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Monday
Nov062017

Top 5 Ancient Ruins 

Ancient civilisations have created some incredibly impressive structures considering how basic their tools and technologies were. Nowadays it is possible to visit and explore many of these ancient ruins all around the world and experience the remains of grand settlements or monuments from hundreds or even thousands of years ago.

Machu Picchu, Peru

Machu Picchu is an Incan settlement in Peru, established around 1450. The site includes temples, agricultural areas and urban domestic areas; it is the most famous example of an Incan settlement. The ruin site is accessible by guided tour and is now a popular attraction with tourists. Machu Picchu is surrounded by peaks of the Andes as well as rich forest and tumbling low-lying clouds; it really is a picture perfect setting.  
Flickr | ckmckPetra, Jordan

Petra is a historic city in the south of Jordan; the ruins are famous as they are carved out of the surrounding red rock faces, giving them a unique appearance. The exact date of Petra’s construction is not known, but the site began to be a thriving city around 100 BC. The ancient city of the Nabataean empire can now be visited as a tourist attraction, many visit Petra during the day, but it is also possible to explore this amazing location by night. During night tours of Petra, visitors can observed the stone-cut buildings lit by hundreds of candles, creating an almost otherworldly atmosphere.
Flcikr | Or HiltchTikal, Guatemala

Tikal is an ancient Mayan settlement, situated in the middle of the Guatemalan rainforest. It is thought that this site was home to around 120,000 people at its peak and includes a huge temple that is almost 70m tall. With the site being in the middle of the forest, early visitors may be lucky enough to catch a glimpse of the local wildlife, such as spider monkeys and exotic birds, such as parrots and toucans. In order to access this site, most visiting tourists will stay in the nearby town of Flores and take the bus to the ruins.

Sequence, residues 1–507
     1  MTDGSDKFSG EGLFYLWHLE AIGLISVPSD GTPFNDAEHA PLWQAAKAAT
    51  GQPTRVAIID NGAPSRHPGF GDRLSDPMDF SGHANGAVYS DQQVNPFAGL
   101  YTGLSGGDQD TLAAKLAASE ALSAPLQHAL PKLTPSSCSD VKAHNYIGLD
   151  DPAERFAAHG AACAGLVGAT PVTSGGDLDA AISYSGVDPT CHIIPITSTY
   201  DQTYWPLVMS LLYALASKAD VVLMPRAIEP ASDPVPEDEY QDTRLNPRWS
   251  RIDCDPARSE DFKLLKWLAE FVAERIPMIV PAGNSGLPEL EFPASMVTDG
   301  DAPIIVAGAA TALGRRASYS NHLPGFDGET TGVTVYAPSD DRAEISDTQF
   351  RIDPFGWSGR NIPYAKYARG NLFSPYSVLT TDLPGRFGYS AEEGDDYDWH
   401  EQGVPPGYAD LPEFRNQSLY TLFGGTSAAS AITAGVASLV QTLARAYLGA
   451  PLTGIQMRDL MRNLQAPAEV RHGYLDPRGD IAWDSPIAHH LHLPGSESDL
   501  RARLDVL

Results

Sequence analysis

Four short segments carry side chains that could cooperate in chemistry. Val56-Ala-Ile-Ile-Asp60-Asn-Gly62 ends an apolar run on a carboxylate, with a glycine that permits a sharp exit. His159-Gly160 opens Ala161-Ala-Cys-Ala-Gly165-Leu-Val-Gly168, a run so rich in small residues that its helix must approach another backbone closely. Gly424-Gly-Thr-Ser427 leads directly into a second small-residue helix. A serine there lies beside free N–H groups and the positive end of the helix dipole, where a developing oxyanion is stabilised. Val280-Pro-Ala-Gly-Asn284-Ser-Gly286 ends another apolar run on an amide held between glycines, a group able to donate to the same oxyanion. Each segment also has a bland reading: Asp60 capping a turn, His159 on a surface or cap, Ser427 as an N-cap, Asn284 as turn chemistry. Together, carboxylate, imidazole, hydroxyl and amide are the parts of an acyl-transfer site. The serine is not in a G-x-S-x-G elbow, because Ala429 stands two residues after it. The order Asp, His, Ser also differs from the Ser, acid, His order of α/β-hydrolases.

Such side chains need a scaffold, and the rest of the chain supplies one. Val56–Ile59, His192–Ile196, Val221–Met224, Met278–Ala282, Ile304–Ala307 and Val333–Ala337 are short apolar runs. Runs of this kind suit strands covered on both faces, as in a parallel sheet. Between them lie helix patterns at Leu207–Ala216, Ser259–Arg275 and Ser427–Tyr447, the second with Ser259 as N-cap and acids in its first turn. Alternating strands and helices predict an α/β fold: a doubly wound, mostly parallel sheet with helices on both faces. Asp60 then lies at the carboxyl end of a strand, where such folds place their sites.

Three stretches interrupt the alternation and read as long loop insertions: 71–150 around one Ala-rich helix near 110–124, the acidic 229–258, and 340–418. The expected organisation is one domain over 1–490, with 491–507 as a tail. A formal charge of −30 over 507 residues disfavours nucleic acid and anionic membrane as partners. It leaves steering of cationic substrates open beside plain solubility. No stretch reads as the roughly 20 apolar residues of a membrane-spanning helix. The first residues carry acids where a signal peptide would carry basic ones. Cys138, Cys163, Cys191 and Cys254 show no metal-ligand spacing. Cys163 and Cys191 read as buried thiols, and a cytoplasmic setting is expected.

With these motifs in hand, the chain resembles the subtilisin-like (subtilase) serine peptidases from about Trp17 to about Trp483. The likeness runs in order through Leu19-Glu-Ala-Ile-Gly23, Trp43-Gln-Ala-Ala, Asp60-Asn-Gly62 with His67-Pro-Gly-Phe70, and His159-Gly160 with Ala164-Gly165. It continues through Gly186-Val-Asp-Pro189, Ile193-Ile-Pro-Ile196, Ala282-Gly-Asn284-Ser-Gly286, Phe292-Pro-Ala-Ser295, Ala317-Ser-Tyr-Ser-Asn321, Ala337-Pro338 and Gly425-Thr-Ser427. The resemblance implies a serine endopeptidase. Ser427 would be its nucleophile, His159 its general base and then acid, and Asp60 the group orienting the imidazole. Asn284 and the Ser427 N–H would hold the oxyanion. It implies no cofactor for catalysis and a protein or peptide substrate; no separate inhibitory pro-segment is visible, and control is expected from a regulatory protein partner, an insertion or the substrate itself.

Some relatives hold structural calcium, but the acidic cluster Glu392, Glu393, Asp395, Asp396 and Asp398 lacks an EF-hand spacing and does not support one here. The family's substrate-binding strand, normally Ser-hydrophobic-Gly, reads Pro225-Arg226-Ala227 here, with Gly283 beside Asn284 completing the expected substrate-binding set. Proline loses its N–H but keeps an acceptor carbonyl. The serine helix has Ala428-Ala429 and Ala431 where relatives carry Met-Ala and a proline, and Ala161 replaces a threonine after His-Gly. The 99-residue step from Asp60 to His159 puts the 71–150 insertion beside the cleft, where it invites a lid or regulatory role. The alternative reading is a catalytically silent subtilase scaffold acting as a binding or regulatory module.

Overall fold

Flickr | Cal KothradeAngkor Wat, Cambodia

Angkor Wat is a series of temples in Cambodia, just 3.4 miles from the city of Siem Reap. The construction of these impressive and ornate temples began in the beginning of the 12th century, by the end of the 12th century the site had become an area of worship for Buddhism. These ruins have become a recognised symbol of Cambodia and even appear on the national flag of the country. The temples now draw in large numbers of tourists; this is partly down to the incredible decorative details that adorn the walls of the buildings. Many of the walls are covered in reliefs depicting battle scenes, and other religious themes.
Flickr | hunkichunkiRoman Forum, Italy

The Roman Forum was once the hub of ancient Rome; it was the site of elections, trials, markets and speeches. The ancient site includes ruins of temples, courtrooms as well as ceremonial structures, such as archways. Eventually during the middle ages, the forum fell into a state of ruin, its buildings were partially dismantled and their stone was used to build other structures. It wasn’t until the 18th century that the site was rediscovered and the remaining ruins were restored. Exploring these ruins is one of the best ways to experience the day to day life of ancient Rome.
Flickr | Ade RussellSo why not take in some history and culture on your travels and explore some of these stunning ancient ruins that give you a unique insight into civilisations of the past.

By Gabrielle Brooks - Online Journalism Intern

Frontier runs conservationdevelopmentteaching and adventure travel projects in over 50 countries worldwide - so join us and explore the world!

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